India, too, faces similar uncertainties after the forthcoming Lok Sabha elections scheduled for early April. This is not so much due to political repression of opposition parties as due to socio-cultural turmoil already rising from the Hindu majoritarian triumphalism being whipped up by the BJP-led National Democratic Alliance (NDA) Coalition Government in early anticipation of the hustings.
Although most analysts expect the BJP-NDA to win in April, they are also aware that the Government is nervous about a reduced majority in the Lok Sabha which, in turn, will not augur well for electoral success at future State elections. Given that it is the economic downturn that is creating the political downturn, the BJP is emphasising its traditional mantra of Hindu dominance.
Last week, billions of rupees were spent in inaugurating the monumental Lord Ram Mandir (Rama Temple) in Ayodhya, Central India, under the patronage of Prime Minister Narendra Modi, one of India’s most popular political leaders. Political observers agree that the costly ceremony was a major plank of the BJP’s election campaign.
In recent months, the BJP coalition has not lost any opportunity to emphasise the grandeur of India’s ancient civilisation which, Hindu nationalists insist is specifically Hindu – something which secular historians and archaeologists deny. The greater the emphasis on this Hindu dominance, the worse the actual social experience of many minority religious and ethnic groups who must then suffer a corollary diminution of their own cultural identity.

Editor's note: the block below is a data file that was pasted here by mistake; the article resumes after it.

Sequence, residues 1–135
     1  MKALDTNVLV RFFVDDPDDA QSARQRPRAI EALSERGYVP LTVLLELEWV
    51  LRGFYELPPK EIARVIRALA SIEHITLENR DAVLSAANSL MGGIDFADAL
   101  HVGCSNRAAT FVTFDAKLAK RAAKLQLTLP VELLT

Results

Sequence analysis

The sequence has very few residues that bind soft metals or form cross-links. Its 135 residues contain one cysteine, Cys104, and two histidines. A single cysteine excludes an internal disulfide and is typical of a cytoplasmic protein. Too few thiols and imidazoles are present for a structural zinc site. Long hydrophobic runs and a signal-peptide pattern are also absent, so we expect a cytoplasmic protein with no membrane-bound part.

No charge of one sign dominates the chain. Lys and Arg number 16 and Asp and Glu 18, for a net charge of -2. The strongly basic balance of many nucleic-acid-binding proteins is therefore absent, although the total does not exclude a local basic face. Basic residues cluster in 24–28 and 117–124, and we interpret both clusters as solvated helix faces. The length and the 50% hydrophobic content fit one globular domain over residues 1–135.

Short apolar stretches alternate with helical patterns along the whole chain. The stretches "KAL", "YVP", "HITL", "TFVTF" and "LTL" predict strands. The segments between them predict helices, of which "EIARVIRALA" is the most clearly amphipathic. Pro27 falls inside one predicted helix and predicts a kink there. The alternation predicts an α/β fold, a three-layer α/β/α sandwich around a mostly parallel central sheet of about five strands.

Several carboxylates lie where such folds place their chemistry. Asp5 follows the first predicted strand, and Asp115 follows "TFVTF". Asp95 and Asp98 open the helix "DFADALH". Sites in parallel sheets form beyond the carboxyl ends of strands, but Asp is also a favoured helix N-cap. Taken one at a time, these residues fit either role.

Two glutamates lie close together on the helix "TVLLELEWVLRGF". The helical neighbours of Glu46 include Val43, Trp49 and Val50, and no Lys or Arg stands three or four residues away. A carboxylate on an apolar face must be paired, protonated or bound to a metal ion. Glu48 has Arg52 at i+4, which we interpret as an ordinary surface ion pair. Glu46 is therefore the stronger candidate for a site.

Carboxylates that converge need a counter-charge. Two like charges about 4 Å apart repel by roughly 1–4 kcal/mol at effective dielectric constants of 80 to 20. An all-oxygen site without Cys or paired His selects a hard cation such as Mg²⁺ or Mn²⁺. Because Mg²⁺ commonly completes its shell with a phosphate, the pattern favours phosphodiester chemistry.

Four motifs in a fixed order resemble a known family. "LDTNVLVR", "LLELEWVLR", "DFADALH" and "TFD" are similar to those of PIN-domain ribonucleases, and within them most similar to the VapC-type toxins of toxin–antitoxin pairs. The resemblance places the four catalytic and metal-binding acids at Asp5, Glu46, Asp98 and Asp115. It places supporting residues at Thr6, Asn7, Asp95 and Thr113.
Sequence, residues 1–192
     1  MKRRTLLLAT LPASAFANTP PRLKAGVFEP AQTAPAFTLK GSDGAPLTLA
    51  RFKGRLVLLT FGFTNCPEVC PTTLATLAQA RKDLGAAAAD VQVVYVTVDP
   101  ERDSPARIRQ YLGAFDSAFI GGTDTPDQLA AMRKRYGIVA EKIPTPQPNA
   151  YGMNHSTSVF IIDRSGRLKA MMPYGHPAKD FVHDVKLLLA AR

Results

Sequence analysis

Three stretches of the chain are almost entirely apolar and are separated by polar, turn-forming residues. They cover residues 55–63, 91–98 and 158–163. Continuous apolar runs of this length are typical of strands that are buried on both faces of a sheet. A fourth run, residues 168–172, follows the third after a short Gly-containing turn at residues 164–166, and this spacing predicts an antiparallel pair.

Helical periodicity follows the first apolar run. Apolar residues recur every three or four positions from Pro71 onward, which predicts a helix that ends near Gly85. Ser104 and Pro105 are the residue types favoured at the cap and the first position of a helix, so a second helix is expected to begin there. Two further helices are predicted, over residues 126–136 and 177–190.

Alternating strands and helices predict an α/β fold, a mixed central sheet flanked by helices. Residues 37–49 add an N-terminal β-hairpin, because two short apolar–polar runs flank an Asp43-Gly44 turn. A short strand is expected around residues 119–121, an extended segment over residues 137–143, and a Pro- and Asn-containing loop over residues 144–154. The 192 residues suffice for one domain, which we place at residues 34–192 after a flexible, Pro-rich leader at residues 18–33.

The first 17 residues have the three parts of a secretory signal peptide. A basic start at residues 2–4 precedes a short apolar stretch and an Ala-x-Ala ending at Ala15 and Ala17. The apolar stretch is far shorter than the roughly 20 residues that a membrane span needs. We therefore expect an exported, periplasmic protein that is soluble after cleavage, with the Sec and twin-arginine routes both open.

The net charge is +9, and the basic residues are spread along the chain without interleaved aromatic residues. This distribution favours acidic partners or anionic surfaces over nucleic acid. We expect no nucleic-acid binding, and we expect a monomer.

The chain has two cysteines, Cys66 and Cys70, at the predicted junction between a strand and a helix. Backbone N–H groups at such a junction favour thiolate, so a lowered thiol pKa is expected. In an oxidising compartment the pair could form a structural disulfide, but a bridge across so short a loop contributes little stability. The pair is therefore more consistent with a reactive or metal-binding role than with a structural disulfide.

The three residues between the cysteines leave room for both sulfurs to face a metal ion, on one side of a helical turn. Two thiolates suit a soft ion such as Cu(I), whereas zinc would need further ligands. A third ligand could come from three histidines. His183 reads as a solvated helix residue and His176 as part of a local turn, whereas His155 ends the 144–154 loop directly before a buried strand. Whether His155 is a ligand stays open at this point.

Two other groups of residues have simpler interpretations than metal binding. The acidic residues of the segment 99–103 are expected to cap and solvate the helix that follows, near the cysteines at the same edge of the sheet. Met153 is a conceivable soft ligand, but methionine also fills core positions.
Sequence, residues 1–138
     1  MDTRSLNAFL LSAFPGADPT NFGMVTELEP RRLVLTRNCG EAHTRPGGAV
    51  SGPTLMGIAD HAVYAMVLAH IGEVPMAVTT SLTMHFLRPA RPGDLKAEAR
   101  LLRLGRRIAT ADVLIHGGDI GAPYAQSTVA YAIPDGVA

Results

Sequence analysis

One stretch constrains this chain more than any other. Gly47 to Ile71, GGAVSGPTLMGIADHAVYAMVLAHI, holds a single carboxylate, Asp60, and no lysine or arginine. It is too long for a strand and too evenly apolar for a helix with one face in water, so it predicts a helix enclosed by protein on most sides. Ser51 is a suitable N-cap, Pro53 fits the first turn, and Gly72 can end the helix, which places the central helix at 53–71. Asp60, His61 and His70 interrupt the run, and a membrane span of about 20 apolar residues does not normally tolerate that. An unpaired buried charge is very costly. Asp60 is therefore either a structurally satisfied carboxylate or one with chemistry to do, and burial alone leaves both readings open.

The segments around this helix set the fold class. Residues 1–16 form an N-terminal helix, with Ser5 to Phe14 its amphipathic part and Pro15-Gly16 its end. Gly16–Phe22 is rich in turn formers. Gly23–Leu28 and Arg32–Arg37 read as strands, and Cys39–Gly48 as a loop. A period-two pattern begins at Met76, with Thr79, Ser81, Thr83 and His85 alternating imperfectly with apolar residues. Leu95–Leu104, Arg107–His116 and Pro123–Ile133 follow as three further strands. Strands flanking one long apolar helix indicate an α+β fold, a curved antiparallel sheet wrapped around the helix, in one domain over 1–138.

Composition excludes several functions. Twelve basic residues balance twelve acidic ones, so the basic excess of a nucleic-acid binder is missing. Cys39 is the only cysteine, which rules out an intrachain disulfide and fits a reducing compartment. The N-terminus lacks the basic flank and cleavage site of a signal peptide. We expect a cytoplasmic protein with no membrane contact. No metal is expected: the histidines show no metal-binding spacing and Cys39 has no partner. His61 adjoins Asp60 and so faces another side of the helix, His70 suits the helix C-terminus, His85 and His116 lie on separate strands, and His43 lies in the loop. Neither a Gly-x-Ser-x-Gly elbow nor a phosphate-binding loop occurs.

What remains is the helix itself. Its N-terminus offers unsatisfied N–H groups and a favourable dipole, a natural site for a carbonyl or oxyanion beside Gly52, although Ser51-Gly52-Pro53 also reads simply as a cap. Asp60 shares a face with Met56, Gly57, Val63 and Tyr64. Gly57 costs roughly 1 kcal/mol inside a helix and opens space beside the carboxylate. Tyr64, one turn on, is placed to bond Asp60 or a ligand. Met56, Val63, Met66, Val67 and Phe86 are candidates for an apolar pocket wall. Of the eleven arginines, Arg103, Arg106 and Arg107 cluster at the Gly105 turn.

Hinduthva activists in the Indian English language media are now referring to the Ram Mandir as India’s own ‘Vatican’. India is not the only South Asian nation to be bedevilled by the political use of religion and culture for power gains.
All of this, however, is simply meaningless frippery to the Palestinians in their besieged ghettos of the West Bank and Gaza.
Even as these lines are read, readers are assured of more babies and children killed, men and women killed, more mental illness and more maiming in the Gaza Strip. The death toll in Gaza nears 27,000 by the minute. And the Strip’s urban and social infrastructure is now rubble – universities, libraries, cultural centres, schools, hospitals, food and medical storage facilities. Fuel, water, electricity supply are only memories. And so are people’s homes.
As the Israeli military onslaught continues, there is nothing else to talk about other than the above horrors – not negotiations, not humanitarian efforts, not political interventions and not even legal actions, despite the hyperbole over the ‘World Court’.
On Friday, the ICJ delivered its much-awaited ruling on ‘provisional measures’ in the interim prior to taking up the substantive plaint of ‘Genocide’ filed against Israel by South Africa. As far as media statistics indicate, the ICJ ruling at The Hague, Netherlands, was the most watched Court ruling ever.
Due to the false expectations of many across the world who are impassioned by the sick spectacle of ongoing genocide done so blatantly and with such impunity, the ICJ ruling was actually a damp squib.